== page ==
It also still too early to call a winner in the subscriber number prediction, but if the current growth trend continues, the number of AOL subscribers will probably double to around 30 million by the year 2000, in my opinion. It will certainly be entertaining to take another look at our predictions when the ball drops on January 1, 2000.
Our predictions weren't complete guesses, because we obviously all performed the quick mental calculation of dividing the market capitalization by the number of subscribers to ensure that our subscriber valuation numbers were reasonable. Our predictions implied a value per subscriber ranging from $863 to $1,000, which was a typical valuation given to AOL subscribers at the time, since subscriber fees were AOL's primary revenue source. Today's actual value per subscriber is around $1,300 to $1,600, which recognizes the increasing importance of advertising and transaction revenue to AOL's business model. If the number of subscribers continues to grow, and the value of each subscriber continues to increase, the stock price of AOL will continue to rise.
These words, from the Initial Fool Flash Report on America Online posted on August 4,1994, are as relevant today as they were then:
"America Onlineï¿½ is the premier investment play on cyberspace."
This didn't stop the stock from declining today, though -- perhaps it's the old, "buy the rumor, sell the news" syndrome. Announced yesterday, AOL's results were strong in the recent quarter and for the fiscal year that just ended. For the audio replay of the conference call, visit http://www.broadcast.com. If you don't have software to listen to the recording, you can download it for free at the site.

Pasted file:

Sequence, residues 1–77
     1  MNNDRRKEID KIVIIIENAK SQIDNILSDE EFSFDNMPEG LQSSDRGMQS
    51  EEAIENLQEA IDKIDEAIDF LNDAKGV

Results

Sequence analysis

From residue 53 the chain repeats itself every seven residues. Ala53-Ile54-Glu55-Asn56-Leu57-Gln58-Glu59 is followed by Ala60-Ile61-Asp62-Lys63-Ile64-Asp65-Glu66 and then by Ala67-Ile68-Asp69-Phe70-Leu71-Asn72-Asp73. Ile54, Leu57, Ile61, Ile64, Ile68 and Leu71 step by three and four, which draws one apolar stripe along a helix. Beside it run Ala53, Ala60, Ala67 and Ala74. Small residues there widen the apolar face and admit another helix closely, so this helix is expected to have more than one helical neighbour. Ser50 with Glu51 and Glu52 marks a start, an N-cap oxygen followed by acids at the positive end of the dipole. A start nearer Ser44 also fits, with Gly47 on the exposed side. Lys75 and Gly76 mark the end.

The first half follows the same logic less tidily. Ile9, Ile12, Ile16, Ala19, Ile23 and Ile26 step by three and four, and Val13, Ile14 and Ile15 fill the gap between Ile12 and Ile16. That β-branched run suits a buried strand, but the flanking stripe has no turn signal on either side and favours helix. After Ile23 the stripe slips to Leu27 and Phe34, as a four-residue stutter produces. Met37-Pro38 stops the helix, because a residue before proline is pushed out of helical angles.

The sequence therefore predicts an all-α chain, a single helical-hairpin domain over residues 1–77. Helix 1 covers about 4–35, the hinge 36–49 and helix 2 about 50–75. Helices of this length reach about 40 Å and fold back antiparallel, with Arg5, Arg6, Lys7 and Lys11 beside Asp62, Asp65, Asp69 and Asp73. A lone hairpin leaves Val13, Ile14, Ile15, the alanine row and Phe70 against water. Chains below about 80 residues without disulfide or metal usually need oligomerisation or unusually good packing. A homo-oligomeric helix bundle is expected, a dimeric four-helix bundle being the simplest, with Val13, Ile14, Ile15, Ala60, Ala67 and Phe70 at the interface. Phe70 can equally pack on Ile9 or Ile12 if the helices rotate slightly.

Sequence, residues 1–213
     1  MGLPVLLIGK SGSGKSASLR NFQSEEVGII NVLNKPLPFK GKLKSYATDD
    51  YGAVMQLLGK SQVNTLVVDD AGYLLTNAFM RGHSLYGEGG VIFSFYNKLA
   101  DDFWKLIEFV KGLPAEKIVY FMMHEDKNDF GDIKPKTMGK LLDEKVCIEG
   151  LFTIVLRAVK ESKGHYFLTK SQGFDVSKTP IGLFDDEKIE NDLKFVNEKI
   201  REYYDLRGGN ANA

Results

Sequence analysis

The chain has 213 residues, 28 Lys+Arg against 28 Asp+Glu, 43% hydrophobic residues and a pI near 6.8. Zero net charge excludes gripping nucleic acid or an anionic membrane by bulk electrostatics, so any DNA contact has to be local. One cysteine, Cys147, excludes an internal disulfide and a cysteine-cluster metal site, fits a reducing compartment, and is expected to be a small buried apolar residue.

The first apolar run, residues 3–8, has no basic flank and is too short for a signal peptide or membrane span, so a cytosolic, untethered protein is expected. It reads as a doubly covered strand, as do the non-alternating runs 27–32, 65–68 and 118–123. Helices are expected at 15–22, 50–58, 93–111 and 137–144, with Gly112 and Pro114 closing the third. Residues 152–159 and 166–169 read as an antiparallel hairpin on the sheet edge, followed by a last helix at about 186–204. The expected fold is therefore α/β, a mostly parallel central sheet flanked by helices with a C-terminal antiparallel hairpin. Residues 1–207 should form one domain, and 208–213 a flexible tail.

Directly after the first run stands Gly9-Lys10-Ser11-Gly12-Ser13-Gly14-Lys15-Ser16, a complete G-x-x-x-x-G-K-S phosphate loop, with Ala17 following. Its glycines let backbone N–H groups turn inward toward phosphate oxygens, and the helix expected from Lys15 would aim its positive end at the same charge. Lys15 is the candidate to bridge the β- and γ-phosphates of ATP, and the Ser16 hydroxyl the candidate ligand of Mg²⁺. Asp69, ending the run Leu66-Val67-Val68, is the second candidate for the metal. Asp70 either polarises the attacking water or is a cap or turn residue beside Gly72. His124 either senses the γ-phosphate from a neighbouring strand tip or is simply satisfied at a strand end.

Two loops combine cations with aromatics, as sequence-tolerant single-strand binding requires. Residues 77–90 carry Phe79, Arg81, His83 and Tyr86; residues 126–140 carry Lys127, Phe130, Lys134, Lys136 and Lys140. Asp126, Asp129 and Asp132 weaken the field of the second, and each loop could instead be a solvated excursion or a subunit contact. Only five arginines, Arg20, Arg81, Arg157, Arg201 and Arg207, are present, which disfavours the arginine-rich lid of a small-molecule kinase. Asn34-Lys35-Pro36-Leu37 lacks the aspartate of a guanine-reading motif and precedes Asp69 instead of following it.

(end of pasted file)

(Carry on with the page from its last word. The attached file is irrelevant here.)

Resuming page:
Foolishly long AOL,
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Day Month Year History Annualized FOOL -2.12% -5.21% 39.40% 367.84% 47.07% S&P: +0.87% -3.50% 11.44% 135.91% 23.93% NASDAQ: +0.13% -4.51% 13.86% 148.27% 25.52% Rec'd # Security In At Now Change 8/5/94 710 AmOnline 3.64 107.50 2856.19% 9/9/97 580 Amazon.com 19.11 106.19 455.64% 5/17/95 1960 Iomega Cor 1.28 4.88 280.74% 10/1/96 84 LucentTech 23.81 90.38 279.60% 8/12/96 130 AT&T 39.58 57.50 45.28% 4/30/97 -1170*Trump* 8.47 6.25 26.20% 2/20/98 200 Exxon 64.09 66.19 3.27% 2/20/98 215 DuPont 59.83 61.75 3.20% 2/20/98 270 Int'l Pape 47.69 43.00 -9.84% 7/2/98 235 Starbucks 55.91 39.00 -30.24% 8/24/95 130 KLA-Tencor 44.71 27.69 -38.08% 8/13/96 250 3Com Corp. 46.86 24.75 -47.19% 1/8/98 425 3Dfx 25.67 13.38 -47.89% 6/26/97 325 Innovex 27.71 12.50 -54.89% Rec'd # Security In At Value Change 8/5/94 710 AmOnline 2581.87 76325.00 $73743.13 9/9/97 580 Amazon.com 11084.24 61588.75 $50504.51 5/17/95 1960 Iomega Cor 2509.60 9555.00 $7045.40 10/1/96 84 LucentTech 1999.88 7591.50 $5591.62 4/30/97 -1170*Trump* -9908.50 -7312.50 $2596.00 8/12/96 130 AT&T 5145.11 7475.00 $2329.89 2/20/98 200 Exxon 12818.00 13237.50 $419.50 2/20/98 215 DuPont 12864.25 13276.25 $412.00 2/20/98 270 Int'l Pape 12876.75 11610.00 -$1266.75 8/24/95 130 KLA-Tencor 5812.49 3599.38 -$2213.12 7/2/98 235 Starbucks 13138.63 9165.00 -$3973.63 6/26/97 325 Innovex 9005.62 4062.50 -$4943.12 1/8/98 425 3Dfx 10908.63 5684.38 -$5224.25 8/13/96 250 3Com Corp. 11715.99 6187.50 -$5528.49 CASH $11876.47 TOTAL $233921.72